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Malfunction Clearing

Discussion in 'Handguns: Autoloaders' started by allaroundhunter, Dec 4, 2012.

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  1. ATLDave

    ATLDave Member

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    See holdencm9's recent reply for a well-explicated explanation. I would add only this:

    There are many things that are good to have. Getting those things requires the expenditure of resources and/or the acceptance of risk. It is not possible to acquire all good things, because of resource constraints or the acceptance of unacceptable levels of risk. So you have to choose what resources to allocate and what risks to accept.

    Blindly accepting risk for something that one may very, very unlikely to need is unwise. I could "train" to learn how to rappel down cliff faces, on the theory that someday that might be my only avenue of escape from some rampaging horde. But given my actual lifestyle, that's so unlikely that accepting the risks inherent in learning how to rapel vastly outweigh the risks of remaining unskilled in that area. Now, I may decide that rapelling would be fun, in which case the analysis may shift. Or I might have chosen a different occupation for myself, in which case the analysis may shift dramatically. But sitting here today, "training" myself to rapel would not be rational.

    In fact, training myself to rapel would be like taking out an insurance policy where the premiums exceed the coverage. It would be crazy. Training oneself to a fast TRB is not as crazy, but for many people it is like taking an insurance policy for an extraordinarily unlikely event with non-trivial premiums. Those resources might be better directed elsewhere.

    Unless ingraining a really fast TRB is fun. Then the acceptance of risk - like the acceptance of risk that is inherent in going to a shooting range - may make a lot of sense.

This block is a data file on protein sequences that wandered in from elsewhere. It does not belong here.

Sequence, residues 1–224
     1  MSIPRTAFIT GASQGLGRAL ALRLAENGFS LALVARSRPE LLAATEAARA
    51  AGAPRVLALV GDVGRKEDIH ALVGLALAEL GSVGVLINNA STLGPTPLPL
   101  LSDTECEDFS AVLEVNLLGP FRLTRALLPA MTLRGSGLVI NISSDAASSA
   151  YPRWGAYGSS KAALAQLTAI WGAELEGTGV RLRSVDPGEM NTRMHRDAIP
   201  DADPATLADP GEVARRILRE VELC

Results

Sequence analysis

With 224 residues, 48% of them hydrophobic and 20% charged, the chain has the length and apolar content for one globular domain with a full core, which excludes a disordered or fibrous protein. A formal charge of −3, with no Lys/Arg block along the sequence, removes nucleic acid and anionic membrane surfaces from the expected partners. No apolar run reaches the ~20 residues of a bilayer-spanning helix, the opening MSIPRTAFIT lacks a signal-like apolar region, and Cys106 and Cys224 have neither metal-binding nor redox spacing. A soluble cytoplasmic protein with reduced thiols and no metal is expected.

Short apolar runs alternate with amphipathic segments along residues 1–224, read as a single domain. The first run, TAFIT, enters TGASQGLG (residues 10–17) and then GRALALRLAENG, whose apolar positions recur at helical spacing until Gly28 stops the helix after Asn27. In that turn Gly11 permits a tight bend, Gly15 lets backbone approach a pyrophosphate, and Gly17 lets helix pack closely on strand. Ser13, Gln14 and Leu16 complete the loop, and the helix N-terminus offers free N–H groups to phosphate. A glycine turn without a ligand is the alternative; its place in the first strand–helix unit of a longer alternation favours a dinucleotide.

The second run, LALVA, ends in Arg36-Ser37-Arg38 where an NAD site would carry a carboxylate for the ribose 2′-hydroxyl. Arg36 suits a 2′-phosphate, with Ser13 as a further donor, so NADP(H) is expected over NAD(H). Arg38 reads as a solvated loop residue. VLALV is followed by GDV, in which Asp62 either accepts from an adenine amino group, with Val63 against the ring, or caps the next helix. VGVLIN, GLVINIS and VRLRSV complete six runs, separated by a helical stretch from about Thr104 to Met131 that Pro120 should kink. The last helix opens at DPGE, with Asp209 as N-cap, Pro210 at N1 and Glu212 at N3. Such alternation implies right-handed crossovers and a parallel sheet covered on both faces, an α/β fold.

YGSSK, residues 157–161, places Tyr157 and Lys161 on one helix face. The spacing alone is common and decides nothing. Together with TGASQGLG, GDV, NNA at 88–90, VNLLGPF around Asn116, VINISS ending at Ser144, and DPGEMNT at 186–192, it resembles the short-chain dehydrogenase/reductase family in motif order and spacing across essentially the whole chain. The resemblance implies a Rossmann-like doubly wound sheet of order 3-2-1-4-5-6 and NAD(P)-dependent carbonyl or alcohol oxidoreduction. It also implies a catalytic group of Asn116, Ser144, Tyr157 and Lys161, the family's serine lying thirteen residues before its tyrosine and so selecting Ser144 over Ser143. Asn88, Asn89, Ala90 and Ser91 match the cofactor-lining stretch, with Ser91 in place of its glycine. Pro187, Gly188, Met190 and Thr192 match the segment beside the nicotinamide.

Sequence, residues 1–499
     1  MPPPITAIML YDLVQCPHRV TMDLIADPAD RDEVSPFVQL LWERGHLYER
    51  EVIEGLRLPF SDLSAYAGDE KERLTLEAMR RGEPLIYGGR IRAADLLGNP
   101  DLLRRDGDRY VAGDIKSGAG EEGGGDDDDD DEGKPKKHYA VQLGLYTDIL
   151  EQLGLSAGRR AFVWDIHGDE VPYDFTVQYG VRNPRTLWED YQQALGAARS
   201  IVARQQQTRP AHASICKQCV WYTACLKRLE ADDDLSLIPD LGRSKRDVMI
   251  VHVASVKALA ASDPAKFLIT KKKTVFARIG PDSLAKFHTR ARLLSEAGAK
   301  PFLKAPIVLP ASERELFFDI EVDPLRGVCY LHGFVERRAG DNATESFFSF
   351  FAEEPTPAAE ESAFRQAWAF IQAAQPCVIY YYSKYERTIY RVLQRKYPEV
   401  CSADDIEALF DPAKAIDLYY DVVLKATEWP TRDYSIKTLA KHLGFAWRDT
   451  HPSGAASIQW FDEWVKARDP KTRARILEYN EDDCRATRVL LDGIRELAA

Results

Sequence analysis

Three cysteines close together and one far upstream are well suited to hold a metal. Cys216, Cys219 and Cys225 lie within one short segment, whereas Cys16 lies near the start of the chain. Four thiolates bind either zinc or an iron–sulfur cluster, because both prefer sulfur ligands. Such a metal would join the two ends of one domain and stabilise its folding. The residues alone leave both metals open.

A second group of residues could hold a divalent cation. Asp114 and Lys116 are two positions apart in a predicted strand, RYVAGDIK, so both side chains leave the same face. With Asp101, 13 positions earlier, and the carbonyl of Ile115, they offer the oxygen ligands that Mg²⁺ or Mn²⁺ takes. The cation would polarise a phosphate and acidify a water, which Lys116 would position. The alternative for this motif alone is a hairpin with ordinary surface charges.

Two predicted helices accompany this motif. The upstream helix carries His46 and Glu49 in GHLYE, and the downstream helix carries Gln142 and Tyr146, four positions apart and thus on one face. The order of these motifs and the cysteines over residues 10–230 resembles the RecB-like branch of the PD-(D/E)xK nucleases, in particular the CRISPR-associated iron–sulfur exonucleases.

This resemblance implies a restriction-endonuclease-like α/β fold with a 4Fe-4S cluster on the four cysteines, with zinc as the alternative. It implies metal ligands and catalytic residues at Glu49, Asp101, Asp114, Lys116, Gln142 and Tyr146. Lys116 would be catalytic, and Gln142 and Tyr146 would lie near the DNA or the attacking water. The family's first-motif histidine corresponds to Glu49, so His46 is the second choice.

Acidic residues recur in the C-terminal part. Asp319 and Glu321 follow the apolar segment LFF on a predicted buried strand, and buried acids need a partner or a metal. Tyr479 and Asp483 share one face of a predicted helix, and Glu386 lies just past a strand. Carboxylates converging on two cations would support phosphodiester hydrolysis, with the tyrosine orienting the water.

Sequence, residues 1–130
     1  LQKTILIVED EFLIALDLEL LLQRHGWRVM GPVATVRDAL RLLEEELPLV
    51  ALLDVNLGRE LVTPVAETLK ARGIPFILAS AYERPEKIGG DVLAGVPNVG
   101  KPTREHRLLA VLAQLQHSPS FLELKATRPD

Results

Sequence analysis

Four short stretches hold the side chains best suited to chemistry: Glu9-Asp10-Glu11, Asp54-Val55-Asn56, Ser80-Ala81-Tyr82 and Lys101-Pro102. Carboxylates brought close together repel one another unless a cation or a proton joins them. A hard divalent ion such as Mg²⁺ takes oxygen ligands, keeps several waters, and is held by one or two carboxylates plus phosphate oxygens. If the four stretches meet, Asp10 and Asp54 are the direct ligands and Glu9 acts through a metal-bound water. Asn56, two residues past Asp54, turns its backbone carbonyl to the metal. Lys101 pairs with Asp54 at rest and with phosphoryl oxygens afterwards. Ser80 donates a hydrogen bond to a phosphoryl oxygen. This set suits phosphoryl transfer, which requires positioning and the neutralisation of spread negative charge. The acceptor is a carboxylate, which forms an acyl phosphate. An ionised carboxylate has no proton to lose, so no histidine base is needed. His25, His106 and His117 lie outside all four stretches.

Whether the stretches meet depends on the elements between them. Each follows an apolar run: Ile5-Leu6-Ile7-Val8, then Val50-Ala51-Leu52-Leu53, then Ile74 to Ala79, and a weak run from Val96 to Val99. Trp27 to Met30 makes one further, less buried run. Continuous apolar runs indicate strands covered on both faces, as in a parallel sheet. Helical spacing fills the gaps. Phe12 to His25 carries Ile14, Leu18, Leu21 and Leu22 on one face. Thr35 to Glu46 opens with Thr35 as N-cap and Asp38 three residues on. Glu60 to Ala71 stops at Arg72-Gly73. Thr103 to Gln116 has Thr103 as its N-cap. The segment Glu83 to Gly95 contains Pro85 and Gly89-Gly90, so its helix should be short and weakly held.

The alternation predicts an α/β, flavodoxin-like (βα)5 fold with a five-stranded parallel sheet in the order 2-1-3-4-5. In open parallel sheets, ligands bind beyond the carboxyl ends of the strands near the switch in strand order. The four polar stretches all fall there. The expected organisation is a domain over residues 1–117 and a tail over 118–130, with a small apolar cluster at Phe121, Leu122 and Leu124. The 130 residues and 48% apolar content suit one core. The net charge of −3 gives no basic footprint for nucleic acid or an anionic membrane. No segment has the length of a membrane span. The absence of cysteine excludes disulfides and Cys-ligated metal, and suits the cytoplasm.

2. Skylerbone

    Skylerbone Member

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    I gather from what I've read that a quick default to TRB is necessary in training to make it "stick" and that it's a barrel of fun compared to getting stabbed or shot.

    As I mentioned, I honestly don't ever expect to need it because I've yet to, except when learning the drills. Purposely loading dummy rounds should ready the shooter consciously for the procedure and if there is concern about an intended live round not going bang and causing damage you can load a full magazine of snap caps or dummys.

    I've noticed Hornady has taken to adding 1 additional bullet in each of the last 8 boxes I loaded last week so it seems I've got some training fodder at the ready.
     
  3. Arp32

    Arp32 Member

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    Usually thumbs facing target, support thumb high and outside strong hand thumb (say 10 or 11 o'clock as viewed from shooter), strong hand thumb on safety.



    EDIT: Not having my 1911 handy when I posted the above, I tried an "imaginary" grip and completely misspoke... Weak thumb is actually just below the slide stop lever, strong thumb is high riding the safety. Sorry for the added thread derailment.
     
    Last edited: Dec 11, 2012
  4. 9mmepiphany

    9mmepiphany Moderator

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    Sounds like you're clear of all the controls
     
  5. Shawn Dodson

    Shawn Dodson Member

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    Where’s the risk?

    Given the frequency in which Tap/Rack is performed as the primary immediate action in the event of a stoppage I’d expect there to be reports in which the risks associated with Tap/Rack are actually realized.

    But there aren’t any that I'm aware of. Why? Because in training the risk of a squib/hangfire is virtually eliminated by the use of a dummy cartridge to insert a “misfire” stoppage.

    In addition the risk of encountering an actual squib/hangfire with live ammunition during training is pretty low – so low that’s it’s an acceptable risk given the fact that Tap/Rack quickly clears many types of stoppages IN ADDITION to the highly unlikely, “highly risky” defective cartridge.
     
  6. ATLDave

    ATLDave Member

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    OK, that's a different argument, and one that makes sense to me. Now you're arguing probabilities, which is logical. Whether you are right or nor is an empirical question, though perhaps not one readily answered.
     
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